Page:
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Title: The Radio Amateur's Hand Book
Author: A. Frederick Collins
Release Date: November, 2004 [EBook #6935]
[This file was first posted on February 13, 2003]
Character set encoding: iso-8859-1
*** START OF THE PROJECT GUTENBERG EBOOK, THE RADIO AMATEUR'S HAND BOOK ***
INVENTOR OF THE WIRELESS TELEGRAPH
Before delving into the mysteries of receiving and sending messages without wires, a word as to the history of
the art and its present day applications may be of service. While popular interest in the subject has gone
forward by leaps and bounds within the last two or three years, it has been a matter of scientific experiment
for more than a quarter of a century.
The wireless telegraph was invented by William Marconi, at Bologna, Italy, in 1896, and in his first
experiments he sent dot and dash signals to a distance of 200 or 300 feet. The wireless telephone was invented
by the author of this book at Narberth, Penn., in 1899, and in his first experiments the human voice was
transmitted to a distance of three blocks.
The first vital experiments that led up to the invention of the wireless telegraph were made by Heinrich Hertz, of Germany, in 1888 when he showed that the spark of an induction coil set up electric oscillations in an open circuit, and that the energy of these waves was, in turn, sent out in the form of electric waves. He also showed how they could be received at a distance by means of a ring detector, which he called aresonator.
In 1890, Edward Branly, of France, showed that metal filings in a tube cohered when electric waves acted on
them, and this device he termed a radio conductor; this was improved upon by Sir Oliver Lodge, who called it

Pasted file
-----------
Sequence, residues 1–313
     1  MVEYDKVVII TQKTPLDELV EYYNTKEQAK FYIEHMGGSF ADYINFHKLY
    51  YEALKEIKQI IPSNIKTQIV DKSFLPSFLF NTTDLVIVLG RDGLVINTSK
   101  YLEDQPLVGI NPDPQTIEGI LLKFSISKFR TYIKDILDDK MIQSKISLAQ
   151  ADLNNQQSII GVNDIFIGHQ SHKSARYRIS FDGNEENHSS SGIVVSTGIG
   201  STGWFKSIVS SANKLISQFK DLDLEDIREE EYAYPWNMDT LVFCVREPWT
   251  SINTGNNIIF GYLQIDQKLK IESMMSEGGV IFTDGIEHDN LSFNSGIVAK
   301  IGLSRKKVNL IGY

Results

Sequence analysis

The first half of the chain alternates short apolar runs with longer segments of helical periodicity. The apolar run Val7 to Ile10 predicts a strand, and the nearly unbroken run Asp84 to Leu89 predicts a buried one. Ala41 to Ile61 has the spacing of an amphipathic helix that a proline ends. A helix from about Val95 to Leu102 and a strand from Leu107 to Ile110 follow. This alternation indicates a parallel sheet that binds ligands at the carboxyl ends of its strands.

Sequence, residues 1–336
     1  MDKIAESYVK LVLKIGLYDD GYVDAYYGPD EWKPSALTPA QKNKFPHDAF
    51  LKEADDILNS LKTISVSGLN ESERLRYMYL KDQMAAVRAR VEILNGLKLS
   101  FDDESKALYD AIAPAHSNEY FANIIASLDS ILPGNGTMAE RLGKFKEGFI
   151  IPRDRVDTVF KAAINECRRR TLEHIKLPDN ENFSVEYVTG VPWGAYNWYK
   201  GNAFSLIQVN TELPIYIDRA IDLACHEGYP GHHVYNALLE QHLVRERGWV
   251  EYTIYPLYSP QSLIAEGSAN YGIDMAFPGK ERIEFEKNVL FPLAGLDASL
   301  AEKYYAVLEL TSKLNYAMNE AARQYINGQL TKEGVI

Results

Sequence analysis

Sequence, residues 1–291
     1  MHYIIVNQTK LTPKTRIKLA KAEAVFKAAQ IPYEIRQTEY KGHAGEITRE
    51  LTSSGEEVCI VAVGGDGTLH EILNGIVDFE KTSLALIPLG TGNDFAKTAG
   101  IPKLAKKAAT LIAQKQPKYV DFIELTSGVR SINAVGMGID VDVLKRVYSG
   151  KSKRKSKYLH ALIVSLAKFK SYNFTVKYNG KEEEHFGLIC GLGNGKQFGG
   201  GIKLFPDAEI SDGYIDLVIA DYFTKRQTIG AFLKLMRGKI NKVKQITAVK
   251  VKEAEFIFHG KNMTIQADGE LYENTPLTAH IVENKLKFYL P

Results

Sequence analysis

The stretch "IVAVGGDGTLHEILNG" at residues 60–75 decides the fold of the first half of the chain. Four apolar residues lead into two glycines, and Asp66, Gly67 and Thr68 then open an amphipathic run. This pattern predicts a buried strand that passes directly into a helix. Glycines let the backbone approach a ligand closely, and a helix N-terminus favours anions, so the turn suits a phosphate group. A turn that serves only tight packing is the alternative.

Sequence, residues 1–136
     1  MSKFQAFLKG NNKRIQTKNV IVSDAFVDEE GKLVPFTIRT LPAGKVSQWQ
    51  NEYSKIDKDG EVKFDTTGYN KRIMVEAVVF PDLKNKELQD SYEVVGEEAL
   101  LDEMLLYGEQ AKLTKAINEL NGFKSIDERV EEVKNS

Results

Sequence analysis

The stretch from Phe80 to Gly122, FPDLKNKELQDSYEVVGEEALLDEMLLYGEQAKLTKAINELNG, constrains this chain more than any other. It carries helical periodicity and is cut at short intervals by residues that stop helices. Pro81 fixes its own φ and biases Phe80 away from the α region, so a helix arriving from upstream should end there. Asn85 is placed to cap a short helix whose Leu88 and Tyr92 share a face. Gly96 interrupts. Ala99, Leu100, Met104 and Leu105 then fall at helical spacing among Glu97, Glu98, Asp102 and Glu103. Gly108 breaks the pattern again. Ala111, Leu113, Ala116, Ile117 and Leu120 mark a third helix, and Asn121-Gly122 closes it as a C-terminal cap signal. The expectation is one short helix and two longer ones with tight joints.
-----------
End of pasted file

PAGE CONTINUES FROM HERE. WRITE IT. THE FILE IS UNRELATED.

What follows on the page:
a coherer. In 1895, Alexander Popoff, of Russia, constructed a receiving set for the study of atmospheric
electricity, and this arrangement was the earliest on record of the use of a detector connected with an aerial
and the earth.
Marconi was the first to connect an aerial to one side of a spark gap and a ground to the other side of it. He used an induction coil to energize the spark gap, and a telegraph key in the primary circuit to break up the current into signals. Adding a Morse register, which printed the dot and dash messages on a tape, to the Popoff receptor he produced the first system for sending and receiving wireless telegraph messages.
Collins' Wireless Telephone Exhibited at the Madison Square Garden, October 1908.
After Marconi had shown the world how to telegraph without connecting wires it would seem, on first
thought, to be an easy matter to telephone without wires, but not so, for the electric spark sets up damped and
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